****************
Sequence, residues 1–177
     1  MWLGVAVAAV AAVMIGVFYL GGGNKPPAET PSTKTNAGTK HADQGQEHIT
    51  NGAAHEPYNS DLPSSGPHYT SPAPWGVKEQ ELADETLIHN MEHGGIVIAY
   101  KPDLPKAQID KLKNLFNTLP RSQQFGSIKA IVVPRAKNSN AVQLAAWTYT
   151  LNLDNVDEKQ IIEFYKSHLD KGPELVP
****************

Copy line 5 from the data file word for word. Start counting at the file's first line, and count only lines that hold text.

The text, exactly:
   151  LNLDNVDEKQ IIEFYKSHLD KGPELVP